It’s Monday night, and there’s nothing good on the telly. You’re in the thick of exams and tired of studying. It’s been almost a week since you’ve seen a carrot and your fridge freezer’s so empty it’s like Frosty the Snowman ransacked it in the middle of the night. There is no alternative; you grab the laptop and get onto your good friend Dominoes; double cheese and a coke please. Suddenly you remember that you have that Love/Hate boxset from Christmas still to watch. Then you find a biscuit in the sofa. Your night is starting to look up!
You decide that this bountiful luck must be shared, so you give your only friend a quick text to see if they’re up for buzzing over for some serious banter. Only they’re not, because their mam promised to buy them a new phone if they get a million ‘likes’ on Facebook. So they now have to spend their evening desecrating the newsfeeds of 500+ acquaintances and strangers with a delightful self-portrait and poorly written sign stating their plight. Night ruined.
What this friend doesn’t understand is that the chance of actually receiving one million ‘likes’ is about as slim as George Michael fathering many mini George Michaels. After all, why would people ‘like’ a photo from which they receive no emotional gain? Alas, the trend of begging for ‘likes’ on Facebook in order to gain attention in the real world has become quite commonplace.
Initially Facebook users weren’t greedy, and settled for a mere 50 likes to force-feed themselves a spoon of cinnamon, or 100 ‘likes’ for their girlfriend to make them a sandwich. This was amusing for a while, but began to die off as people realized the ridiculousness of the whole exercise. In recent times the flame has reignited, some requesting ‘likes’ for cars and bikes, others requesting them for babies…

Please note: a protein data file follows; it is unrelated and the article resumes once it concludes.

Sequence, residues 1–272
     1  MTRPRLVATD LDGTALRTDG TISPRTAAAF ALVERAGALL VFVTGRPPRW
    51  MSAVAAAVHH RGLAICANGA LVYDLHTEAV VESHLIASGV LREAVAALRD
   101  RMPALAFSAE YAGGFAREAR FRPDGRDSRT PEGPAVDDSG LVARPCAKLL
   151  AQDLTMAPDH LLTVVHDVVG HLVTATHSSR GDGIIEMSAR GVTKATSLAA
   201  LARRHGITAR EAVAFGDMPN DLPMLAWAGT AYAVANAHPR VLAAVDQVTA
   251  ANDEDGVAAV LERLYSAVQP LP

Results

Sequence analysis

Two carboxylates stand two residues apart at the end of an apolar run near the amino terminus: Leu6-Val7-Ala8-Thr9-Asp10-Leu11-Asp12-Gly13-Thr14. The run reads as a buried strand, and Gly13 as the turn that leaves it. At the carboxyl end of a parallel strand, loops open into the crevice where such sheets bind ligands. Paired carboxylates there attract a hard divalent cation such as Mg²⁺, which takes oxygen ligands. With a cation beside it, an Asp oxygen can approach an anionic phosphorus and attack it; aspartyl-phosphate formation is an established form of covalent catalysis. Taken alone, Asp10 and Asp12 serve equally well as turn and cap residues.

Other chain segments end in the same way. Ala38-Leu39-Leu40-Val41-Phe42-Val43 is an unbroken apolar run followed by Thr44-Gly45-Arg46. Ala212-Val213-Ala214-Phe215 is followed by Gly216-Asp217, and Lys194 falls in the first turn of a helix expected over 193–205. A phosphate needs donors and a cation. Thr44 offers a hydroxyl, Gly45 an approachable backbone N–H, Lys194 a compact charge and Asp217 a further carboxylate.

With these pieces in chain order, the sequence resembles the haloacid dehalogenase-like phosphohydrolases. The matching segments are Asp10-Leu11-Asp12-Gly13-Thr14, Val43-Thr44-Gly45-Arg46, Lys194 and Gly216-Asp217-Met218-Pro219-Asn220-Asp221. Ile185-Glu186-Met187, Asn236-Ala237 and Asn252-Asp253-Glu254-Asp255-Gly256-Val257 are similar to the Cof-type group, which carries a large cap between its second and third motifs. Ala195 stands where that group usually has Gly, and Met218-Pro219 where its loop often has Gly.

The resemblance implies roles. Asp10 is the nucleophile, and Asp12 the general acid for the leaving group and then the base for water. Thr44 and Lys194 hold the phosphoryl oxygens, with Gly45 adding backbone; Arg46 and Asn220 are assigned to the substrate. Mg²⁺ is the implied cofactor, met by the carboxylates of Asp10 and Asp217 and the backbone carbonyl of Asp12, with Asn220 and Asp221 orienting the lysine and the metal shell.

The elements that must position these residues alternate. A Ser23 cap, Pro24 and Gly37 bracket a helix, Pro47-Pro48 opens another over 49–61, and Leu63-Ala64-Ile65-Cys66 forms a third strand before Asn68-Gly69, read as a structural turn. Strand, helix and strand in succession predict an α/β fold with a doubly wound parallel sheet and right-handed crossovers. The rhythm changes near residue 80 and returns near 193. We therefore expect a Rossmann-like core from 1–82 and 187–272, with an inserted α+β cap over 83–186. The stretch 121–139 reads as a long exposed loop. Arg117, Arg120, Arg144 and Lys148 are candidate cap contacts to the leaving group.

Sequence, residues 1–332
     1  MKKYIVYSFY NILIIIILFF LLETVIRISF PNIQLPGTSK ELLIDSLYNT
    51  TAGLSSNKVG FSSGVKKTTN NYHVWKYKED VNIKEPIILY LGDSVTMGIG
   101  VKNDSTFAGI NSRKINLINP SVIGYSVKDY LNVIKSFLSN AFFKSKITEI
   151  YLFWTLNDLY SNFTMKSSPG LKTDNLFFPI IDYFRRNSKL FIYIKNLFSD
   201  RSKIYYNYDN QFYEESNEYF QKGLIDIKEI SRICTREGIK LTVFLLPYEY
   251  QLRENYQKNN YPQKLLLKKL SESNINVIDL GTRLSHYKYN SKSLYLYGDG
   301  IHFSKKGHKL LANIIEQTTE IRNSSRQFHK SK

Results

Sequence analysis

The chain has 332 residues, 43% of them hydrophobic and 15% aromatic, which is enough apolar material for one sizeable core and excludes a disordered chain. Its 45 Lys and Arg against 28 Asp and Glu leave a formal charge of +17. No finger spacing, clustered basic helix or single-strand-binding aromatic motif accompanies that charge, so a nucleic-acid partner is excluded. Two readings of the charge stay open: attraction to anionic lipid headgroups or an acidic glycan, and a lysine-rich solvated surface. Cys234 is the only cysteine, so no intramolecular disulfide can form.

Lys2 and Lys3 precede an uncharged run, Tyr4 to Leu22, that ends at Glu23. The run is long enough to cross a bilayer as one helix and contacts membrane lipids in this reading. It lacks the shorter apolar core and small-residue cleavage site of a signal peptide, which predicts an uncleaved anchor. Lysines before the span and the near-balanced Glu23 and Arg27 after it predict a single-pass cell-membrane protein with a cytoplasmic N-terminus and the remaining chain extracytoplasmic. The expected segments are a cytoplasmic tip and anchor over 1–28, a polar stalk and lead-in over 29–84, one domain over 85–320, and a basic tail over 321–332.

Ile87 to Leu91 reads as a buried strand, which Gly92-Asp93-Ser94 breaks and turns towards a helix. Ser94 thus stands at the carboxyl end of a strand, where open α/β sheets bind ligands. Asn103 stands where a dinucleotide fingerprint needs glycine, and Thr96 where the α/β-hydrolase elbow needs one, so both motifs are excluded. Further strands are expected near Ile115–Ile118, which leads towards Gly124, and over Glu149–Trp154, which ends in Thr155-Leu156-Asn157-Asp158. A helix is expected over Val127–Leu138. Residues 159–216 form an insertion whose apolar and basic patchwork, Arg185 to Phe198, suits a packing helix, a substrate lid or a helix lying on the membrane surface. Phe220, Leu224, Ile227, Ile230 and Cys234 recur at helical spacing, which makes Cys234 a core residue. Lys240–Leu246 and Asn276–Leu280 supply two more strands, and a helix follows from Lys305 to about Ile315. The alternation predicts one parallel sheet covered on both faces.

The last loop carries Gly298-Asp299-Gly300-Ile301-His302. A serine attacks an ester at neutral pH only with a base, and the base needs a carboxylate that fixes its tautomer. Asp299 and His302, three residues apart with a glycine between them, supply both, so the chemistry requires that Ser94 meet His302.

Yes, babies. (She doesn’t love you man.)
What puzzles me is how the authors of such posts connect receiving ‘likes’ on Facebook with receiving rewards, as if it’s some form of achievement; like mowing the lawn, or something similarly gratifying. Perhaps if these social network offenders were to, I don’t know, get out from in front of the computer and maybe (this might be a radical concept) DO SOMETHING in order to reach their desired goal, such as participating in a real social life or just working a job; then it might be a little faster to achieve. Or, they could always just continue to do what they’re doing, which is somewhat entertaining for us all.
If you are one of the many who look to the humble Facebook user to receive financial or emotional satisfaction; just remember, ‘likes’ on Facebook won’t change the colour of your hair or add to your bank account. They won’t protect your son ‘Megatron’ from a life of emotional abuse and they certainly won’t get your girlfriend to make you a sandwich.
Have you seen any strange ones floating around your Facebook newsfeed? Share them with Aunty Nicola.